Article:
Saturday, October 24, 2015

Frightening Friday: Rosemary's Ugly Baby

Oh, god, he's so ugly.

Oh, hi. Have you been there long? I was just sitting here in a velvet smoking jacket with a raven perched on my shoulder with this book of terrifying tales on my lap, twiddling an imaginary mustache around my finger.

I'm describing it in great detail because it's pitch dark in here, and I know you can't see a thing, so I want to set the scene like a good storyteller should. Just know that if you hear any squawking, it's likely the raven perched on my shoulder. And if you hear any rustling of pages, it's a page of the book of terrifying tales in my lap being turned. If you smell imaginary mustache wax, know that it's my imaginary mustache being twiddled furiously. Finally, if you sense anything fabulous in the vicinity, it's me looking fierce in this velvet smoking jacket. (I look seriously fierce, like a cheetah in a smoking jacket.) 

The reason I invited you to this completely dark haunted mansion deep out in the woods, past the haunted gun factory and the haunted herpetarium and the haunted pizzeria and the haunted Haunted House, Hayride, and Fright Carnival, sponsored by Pepsi, is to tell you a terrifying tale that will, just in time for Halloween.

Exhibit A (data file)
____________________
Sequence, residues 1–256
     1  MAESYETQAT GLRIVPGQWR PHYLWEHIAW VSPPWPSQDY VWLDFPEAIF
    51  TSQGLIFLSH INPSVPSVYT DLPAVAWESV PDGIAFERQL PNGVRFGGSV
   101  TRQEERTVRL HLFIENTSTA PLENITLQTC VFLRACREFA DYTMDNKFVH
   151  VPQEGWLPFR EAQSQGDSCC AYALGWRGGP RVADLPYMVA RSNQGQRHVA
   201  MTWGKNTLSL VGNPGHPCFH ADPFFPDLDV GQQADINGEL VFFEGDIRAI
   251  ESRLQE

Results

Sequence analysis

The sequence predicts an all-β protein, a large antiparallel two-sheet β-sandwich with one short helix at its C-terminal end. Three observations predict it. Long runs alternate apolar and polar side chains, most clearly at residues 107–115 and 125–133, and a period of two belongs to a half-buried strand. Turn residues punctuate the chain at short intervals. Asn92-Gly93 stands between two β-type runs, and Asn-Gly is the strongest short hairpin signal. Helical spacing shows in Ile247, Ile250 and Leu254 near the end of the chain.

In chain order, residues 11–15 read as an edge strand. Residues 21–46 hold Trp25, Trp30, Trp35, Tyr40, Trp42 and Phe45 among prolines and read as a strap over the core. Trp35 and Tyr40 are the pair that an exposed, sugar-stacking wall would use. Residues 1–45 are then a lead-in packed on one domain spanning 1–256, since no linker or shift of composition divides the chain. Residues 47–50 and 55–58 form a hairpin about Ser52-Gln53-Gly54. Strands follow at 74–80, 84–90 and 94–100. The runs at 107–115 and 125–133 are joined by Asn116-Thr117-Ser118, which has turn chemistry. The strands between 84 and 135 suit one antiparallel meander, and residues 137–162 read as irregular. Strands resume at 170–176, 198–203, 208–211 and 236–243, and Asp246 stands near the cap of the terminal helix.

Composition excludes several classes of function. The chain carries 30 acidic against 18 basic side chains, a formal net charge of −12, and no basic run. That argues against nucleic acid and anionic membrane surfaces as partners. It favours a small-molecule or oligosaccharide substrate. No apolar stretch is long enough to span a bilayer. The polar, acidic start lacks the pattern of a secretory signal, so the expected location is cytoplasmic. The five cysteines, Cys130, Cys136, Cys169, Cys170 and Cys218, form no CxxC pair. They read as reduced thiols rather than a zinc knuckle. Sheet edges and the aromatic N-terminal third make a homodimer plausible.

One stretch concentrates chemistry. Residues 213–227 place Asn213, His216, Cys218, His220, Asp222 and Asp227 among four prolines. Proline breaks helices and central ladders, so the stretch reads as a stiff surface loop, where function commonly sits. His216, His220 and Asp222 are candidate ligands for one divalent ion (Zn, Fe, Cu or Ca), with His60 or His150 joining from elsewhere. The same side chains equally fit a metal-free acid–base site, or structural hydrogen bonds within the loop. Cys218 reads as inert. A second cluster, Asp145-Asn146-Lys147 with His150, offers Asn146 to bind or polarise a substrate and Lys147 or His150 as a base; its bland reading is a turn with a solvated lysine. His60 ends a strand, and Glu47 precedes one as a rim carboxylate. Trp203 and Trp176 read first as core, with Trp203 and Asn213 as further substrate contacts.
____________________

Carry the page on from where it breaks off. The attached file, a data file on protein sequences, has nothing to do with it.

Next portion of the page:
Are you ready?

I can't see you if you're nodding, so please answer with, "Yes, I'm ready," "No, I'm not ready," or, "Please repeat the question so that I may fully understand."


I can only assume that the silence means you are still nodding.

I'll just begin, I suppose. Let me know if you were in the bathroom when I started and need me to repeat any of the important parts.